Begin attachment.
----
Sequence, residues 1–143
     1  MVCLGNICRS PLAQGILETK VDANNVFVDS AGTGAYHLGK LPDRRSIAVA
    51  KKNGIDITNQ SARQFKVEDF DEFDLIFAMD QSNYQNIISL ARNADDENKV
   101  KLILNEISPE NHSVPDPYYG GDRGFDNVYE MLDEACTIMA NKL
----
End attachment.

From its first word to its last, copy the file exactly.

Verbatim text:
Sequence, residues 1–143
     1  MVCLGNICRS PLAQGILETK VDANNVFVDS AGTGAYHLGK LPDRRSIAVA
    51  KKNGIDITNQ SARQFKVEDF DEFDLIFAMD QSNYQNIISL ARNADDENKV
   101  KLILNEISPE NHSVPDPYYG GDRGFDNVYE MLDEACTIMA NKL